Coursing through social media and other venues of public conversation comes the phrase “that’s how you got Trump,” most often used to criticize the elites, insiders, politicos and members of the media who still seem unaware of their role in contributing to the disaffection and despair of the Americans who voted for him. Only mostly white, only mostly rural, and only mostly male, the Trump bloc has a populist’s impatience with nuance and a reactionary hostility to the accepted social norms that defined them as second-class Americans. The recent decision by a Fulton County Superior Court Judge to allow children of illegal immigrants to attend Georgia colleges at tuition rates formerly reserved for American-born Georgia residents, and the reaction to it, is a perfect example of how we got Trump.
Judge Gail Tusan’s legal reasoning is fairly straightforward. Georgia’s Board of Regents gives students from Georgia in-state tuition rates –about a third the rate of what students from North Carolina, Tennessee or Alabama would pay to attend a Georgia college. A 2008 law (and Board of Regents Policy) limits that financial advantage to students who are “legally in this state.” Until Friday, that phrase didn’t include illegal immigrants who were brought here as children, and then included in the Obama administration’s Deferred Action for Childhood Arrivals (DACA) program. The judge found that since the federal government has deferred deportation hearings, the students are “legally in this state,” and therefore eligible for in-state tuition. Judge Tusan’s ruling means the federal definition of “lawful presence” supersedes any state law or University System of Georgia policy, and while the DACA kids aren’t citizens, USG will charge them tuition rates as if they were.
As a descriptor of the issues and emotions that drove 2016, the decision couldn’t be more apt. Tuition has increased by obscene percentages, and college is still out of reach for many, despite (or because of) efforts to make it more affordable through grants, low-interest student loans, and the HOPE scholarship. A college degree is still the best chance for most Americans to get ahead, and Trump voters understand instinctively that college admission is a zero-sum game –every slot filled by the child of an illegal immigrant (or anyone else) is one fewer slot available for their own child. Tolerating illegal immigrants is one thing, but sacrificing your kids’ future for theirs is unacceptable.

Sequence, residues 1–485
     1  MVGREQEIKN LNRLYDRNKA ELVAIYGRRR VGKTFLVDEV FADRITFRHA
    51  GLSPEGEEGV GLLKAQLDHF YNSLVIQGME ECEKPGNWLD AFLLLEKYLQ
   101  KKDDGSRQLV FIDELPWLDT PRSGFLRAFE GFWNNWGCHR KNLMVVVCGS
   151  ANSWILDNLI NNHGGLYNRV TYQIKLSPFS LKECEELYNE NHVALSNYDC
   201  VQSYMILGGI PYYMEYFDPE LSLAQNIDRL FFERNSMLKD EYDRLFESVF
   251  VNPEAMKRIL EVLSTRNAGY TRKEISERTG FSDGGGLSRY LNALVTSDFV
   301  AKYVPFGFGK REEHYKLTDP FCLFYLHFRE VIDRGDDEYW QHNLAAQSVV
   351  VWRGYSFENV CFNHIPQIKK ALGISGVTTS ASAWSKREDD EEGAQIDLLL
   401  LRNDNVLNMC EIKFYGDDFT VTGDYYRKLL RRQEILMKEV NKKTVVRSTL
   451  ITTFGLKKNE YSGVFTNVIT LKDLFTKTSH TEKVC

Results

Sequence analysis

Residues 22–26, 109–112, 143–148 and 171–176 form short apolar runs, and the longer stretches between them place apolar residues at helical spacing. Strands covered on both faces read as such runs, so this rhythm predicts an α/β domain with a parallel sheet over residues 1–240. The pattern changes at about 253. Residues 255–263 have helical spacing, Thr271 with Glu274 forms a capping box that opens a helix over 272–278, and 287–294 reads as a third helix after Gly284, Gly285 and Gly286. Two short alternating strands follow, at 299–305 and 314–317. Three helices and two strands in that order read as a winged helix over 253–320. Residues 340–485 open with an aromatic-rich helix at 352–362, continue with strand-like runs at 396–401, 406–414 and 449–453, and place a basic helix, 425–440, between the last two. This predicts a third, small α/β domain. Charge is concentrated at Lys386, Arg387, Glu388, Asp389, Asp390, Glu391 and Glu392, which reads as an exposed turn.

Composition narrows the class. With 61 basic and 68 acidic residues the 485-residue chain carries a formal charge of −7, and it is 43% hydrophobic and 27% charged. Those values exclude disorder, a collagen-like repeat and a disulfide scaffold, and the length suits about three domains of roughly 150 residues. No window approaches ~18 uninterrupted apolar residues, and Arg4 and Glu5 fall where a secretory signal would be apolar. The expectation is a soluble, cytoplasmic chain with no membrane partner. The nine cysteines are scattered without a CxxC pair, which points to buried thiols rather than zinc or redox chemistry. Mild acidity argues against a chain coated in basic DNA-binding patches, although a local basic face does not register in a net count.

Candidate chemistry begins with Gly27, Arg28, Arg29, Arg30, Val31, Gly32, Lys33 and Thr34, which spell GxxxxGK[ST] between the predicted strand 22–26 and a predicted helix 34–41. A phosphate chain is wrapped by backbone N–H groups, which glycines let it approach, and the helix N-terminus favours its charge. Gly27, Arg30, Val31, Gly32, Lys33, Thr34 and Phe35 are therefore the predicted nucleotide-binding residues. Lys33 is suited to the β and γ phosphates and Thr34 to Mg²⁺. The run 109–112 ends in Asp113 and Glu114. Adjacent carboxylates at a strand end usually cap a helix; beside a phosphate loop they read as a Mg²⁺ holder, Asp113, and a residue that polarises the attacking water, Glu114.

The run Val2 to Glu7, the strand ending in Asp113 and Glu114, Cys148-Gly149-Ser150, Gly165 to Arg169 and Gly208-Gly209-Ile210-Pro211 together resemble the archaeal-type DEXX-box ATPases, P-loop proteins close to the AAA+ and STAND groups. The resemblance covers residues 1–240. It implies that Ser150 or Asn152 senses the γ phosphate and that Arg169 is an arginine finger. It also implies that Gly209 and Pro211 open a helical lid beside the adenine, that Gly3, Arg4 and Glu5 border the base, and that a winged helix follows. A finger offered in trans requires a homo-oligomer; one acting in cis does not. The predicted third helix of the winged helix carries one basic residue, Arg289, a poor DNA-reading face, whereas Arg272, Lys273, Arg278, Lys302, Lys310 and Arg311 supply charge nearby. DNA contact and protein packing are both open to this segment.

On his facebook page, State Senator Josh McKoon posted a question: “A Judge in Fulton County just required Georgia Colleges & Universities to offer taxpayer subsidized in state tuition to illegal aliens. Should the Georgia Legislature act to reverse this judge’s decision?” Before trying to unpack the deliberately loaded rhetoric from that question, it’s worth seeing the hundreds of reactions, replies and comments, which range from thoughtful frustration to spittle-flecked, all-caps rage. Dismissing this anger as only racism or xenophobia is lazy and inaccurate. There’s a reactionary tone to the debate, but also a sense of righteousness, of standing up to a bully. Trump voters aren’t mad at the immigrants per se, but they are furious beyond reason with a federal system that enables illegal immigration and appears to give them a leg up at the expense of American citizens.
Legislative action on the tuition issue will be forthcoming –it’s political catnip. The media coverage and public debate, if honest, will focus on the hard question of why we’re giving discounted tuition to anyone, rather than the facile “xenophobe vs. usurper” name calling contests of the past. Those contests don’t merely prevent empathy and solutions, they’re how you get Trump.